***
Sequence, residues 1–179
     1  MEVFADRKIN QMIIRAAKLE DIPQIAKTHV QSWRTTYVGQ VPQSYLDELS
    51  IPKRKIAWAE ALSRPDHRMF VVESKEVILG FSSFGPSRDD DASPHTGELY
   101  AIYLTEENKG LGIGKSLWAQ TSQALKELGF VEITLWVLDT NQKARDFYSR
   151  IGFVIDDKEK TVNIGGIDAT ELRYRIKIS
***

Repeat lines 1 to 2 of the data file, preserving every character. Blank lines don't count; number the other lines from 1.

Sequence, residues 1–179
     1  MEVFADRKIN QMIIRAAKLE DIPQIAKTHV QSWRTTYVGQ VPQSYLDELS